Biogeosciences, 14, 5003-5014, 2017
https://doi.org/10.5194/bg-14-5003-2017
© Author(s) 2017. This work is distributed under
the Creative Commons Attribution 3.0 License.
Research article
08 Nov 2017
Regional-scale lateral carbon transport and CO2 evasion in temperate stream catchments
Katrin Magin, Celia Somlai-Haase, Ralf B. Schäfer, and Andreas Lorke Institute for Environmental Sciences, University of Koblenz-Landau, Fortstr. 7, 76829 Landau, Germany
Abstract. Inland waters play an important role in regional to global-scale carbon cycling by transporting, processing and emitting substantial amounts of carbon, which originate mainly from their catchments. In this study, we analyzed the relationship between terrestrial net primary production (NPP) and the rate at which carbon is exported from the catchments in a temperate stream network. The analysis included more than 200 catchment areas in southwest Germany, ranging in size from 0.8 to 889 km2 for which CO2 evasion from stream surfaces and downstream transport with stream discharge were estimated from water quality monitoring data, while NPP in the catchments was obtained from a global data set based on remote sensing. We found that on average 13.9 g C m−2 yr−1 (corresponding to 2.7 % of terrestrial NPP) are exported from the catchments by streams and rivers, in which both CO2 evasion and downstream transport contributed about equally to this flux. The average carbon fluxes in the catchments of the study area resembled global and large-scale zonal mean values in many respects, including NPP, stream evasion and the carbon export per catchment area in the fluvial network. A review of existing studies on aquatic–terrestrial coupling in the carbon cycle suggests that the carbon export per catchment area varies in a relatively narrow range, despite a broad range of different spatial scales and hydrological characteristics of the study regions.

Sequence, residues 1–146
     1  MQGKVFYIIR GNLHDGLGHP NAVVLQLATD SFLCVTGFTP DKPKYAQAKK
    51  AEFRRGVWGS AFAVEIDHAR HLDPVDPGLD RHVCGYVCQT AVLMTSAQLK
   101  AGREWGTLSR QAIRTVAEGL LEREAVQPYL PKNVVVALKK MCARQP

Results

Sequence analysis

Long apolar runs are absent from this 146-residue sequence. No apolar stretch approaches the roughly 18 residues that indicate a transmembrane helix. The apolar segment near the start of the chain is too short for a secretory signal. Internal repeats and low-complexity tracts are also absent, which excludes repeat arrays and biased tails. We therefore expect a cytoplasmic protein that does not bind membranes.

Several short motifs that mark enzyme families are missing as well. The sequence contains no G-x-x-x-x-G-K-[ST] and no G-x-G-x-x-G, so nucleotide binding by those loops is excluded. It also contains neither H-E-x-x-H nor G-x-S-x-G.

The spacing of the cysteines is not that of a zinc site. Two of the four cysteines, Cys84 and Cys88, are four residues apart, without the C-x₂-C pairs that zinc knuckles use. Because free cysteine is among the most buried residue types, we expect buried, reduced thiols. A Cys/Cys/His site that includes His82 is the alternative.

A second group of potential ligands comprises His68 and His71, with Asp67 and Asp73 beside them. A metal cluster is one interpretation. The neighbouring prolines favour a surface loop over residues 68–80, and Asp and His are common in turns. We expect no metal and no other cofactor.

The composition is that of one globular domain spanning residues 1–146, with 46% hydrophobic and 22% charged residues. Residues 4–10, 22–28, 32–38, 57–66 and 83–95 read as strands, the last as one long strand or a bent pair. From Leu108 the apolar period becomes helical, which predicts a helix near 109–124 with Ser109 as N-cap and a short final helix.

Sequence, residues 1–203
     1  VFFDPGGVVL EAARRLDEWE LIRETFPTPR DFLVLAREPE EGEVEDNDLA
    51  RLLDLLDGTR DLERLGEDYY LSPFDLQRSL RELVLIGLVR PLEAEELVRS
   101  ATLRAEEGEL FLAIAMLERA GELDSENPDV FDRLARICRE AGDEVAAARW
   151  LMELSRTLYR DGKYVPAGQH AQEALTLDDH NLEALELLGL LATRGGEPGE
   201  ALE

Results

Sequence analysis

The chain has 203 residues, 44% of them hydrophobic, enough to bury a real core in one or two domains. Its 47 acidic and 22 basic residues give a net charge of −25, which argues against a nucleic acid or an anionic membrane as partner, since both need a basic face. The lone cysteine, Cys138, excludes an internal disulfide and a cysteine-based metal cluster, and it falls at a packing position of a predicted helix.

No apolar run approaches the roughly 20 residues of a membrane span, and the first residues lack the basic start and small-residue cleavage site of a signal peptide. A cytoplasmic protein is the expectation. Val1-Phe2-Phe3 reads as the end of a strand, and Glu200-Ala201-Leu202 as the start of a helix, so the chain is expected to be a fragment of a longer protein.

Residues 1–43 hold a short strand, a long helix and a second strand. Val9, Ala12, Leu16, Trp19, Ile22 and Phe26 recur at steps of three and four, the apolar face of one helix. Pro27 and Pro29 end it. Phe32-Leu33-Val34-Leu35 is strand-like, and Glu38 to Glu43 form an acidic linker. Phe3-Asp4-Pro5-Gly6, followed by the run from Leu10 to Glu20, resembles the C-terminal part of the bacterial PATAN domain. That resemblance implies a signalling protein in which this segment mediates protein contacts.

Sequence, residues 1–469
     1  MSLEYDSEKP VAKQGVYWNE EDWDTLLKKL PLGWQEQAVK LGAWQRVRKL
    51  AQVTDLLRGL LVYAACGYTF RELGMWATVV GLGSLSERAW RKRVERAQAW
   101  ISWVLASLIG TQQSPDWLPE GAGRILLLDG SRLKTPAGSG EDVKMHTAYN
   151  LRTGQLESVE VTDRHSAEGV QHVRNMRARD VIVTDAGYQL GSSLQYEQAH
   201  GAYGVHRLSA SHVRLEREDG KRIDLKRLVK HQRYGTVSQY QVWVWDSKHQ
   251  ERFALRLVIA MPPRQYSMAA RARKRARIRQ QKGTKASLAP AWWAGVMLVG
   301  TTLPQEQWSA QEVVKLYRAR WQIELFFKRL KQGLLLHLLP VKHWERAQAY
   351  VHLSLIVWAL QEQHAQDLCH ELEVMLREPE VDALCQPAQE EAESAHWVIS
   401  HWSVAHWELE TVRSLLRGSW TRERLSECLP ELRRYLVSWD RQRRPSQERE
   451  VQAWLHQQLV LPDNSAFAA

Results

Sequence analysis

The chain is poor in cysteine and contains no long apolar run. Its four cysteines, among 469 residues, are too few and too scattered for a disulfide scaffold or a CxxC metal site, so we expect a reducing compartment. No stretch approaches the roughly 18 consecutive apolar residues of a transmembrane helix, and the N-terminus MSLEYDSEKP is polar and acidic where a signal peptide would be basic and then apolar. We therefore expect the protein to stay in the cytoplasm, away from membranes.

Citation: Magin, K., Somlai-Haase, C., Schäfer, R. B., and Lorke, A.: Regional-scale lateral carbon transport and CO2 evasion in temperate stream catchments, Biogeosciences, 14, 5003-5014, https://doi.org/10.5194/bg-14-5003-2017, 2017.
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We analyzed the relationship between terrestrial net primary production (NPP) and the rate at which carbon is exported from catchments in a temperate stream network. The carbon exported by streams and rivers corresponds to 2.7 % of the terrestrial NPP. CO2 evasion and downstream transport contribute about equally to this flux. A review of existing studies suggests that the catchment-specific carbon export varies in a relatively narrow range across different study regions and spatial scales.
We analyzed the relationship between terrestrial net primary production (NPP) and the rate at...
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